Regrettably, once again some Christians' lack of perspective astounds me.
Many Christians are evidently "outraged" that this year's Starbucks holiday cup comes minus snowflakes. No wonder we're ridiculed! Starbucks has never suggested that their values are biblically based. There is no question that the company has done several commendable things to address suffering and injustice. Although their good deeds are based on their humanistic ideology, we as Christians should be thankful for anyone who addresses human suffering with compassion. This company has made no secret of their secularism. In the past some in their leadership have even suggested Christians might be more comfortable at other establishments. At the same time they have not, to my knowledge, ever been openly hostile against Christians.
So let me talk to my fellow Christian believers. The world is reeling on the brink of unspeakable events. Vast numbers of innocent people have been left homeless by Middle East madness and religious nuts. Muslims and Christians alike have been exiled in a refugee nightmare on a colossal scale. Elsewhere, India is becoming polarized by influential voices who would love to see historically tolerant India disintegrate into "Hindustan." East Africa deals with yet another huge crisis prompted by the chaos in Somalia. True persecution of Christians is spiking in many parts of the world.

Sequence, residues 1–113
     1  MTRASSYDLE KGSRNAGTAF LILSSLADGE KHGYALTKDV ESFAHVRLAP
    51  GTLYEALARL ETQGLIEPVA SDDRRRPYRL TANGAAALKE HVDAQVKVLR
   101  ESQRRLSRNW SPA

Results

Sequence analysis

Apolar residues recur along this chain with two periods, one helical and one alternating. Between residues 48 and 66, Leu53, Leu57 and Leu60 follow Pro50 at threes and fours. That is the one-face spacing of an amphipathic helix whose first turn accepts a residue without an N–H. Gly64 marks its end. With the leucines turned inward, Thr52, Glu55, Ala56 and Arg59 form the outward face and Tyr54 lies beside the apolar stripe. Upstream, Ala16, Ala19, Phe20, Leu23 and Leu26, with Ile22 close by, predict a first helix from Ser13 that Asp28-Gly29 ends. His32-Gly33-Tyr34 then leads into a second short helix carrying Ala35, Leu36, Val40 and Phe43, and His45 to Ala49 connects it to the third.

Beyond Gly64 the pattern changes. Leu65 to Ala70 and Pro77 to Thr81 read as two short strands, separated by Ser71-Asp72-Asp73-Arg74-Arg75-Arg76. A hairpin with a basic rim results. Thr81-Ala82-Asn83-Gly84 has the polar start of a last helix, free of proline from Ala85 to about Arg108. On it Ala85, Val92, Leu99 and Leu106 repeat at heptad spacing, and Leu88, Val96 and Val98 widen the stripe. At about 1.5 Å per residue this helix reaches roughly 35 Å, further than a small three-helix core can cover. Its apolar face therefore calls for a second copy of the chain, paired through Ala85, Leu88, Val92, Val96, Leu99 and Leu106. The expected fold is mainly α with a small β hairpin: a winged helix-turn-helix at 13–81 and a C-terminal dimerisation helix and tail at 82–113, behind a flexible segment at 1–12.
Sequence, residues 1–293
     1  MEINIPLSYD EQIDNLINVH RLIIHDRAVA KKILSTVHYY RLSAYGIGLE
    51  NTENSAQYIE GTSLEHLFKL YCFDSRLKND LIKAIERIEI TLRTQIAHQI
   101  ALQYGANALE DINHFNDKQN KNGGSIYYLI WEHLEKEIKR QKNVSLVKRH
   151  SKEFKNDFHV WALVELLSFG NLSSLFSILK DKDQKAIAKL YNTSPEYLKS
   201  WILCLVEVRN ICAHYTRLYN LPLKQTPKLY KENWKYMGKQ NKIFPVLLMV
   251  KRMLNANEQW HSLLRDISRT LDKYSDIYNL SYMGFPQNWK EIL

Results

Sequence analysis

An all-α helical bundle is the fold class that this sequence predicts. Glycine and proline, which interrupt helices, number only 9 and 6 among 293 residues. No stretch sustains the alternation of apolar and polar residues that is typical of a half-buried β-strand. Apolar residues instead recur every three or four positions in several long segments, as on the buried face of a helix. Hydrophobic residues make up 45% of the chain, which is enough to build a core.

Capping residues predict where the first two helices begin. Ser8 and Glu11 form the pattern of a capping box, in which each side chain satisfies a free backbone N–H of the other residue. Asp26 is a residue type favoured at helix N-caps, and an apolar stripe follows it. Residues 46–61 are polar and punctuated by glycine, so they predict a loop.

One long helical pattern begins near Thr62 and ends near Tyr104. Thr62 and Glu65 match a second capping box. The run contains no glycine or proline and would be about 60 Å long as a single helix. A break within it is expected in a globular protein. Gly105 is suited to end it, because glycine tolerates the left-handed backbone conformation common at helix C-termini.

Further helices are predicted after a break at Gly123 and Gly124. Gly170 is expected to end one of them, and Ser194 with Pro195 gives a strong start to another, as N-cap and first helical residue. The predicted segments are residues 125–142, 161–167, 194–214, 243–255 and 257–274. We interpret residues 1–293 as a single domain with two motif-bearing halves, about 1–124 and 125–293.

And yet as these and other epic events unfold, many myopic American Christians have chosen to focus their "concern" on what is or is not on a coffee cup! This is misdirected outrage that defies logic. Such pettiness falls somewhere between ridiculous and reprehensible.
Missiologist Ed Stetzer pegs it, observing that Christians often love outrage more than people. Please note (and heed) his important advice: "This is the wrong fight and being done in the wrong way. And it's just making Christians look silly, like so many of these fake controversies do. We have a better story to tell than one of faux outrage. So let's tell it. It's not the job of your barista to share the gospel. It's your job to share the gospel. Don't get mad about stuff that doesn't matter. It wastes time and energy and hardens people to what you have to say about the stuff that does matter."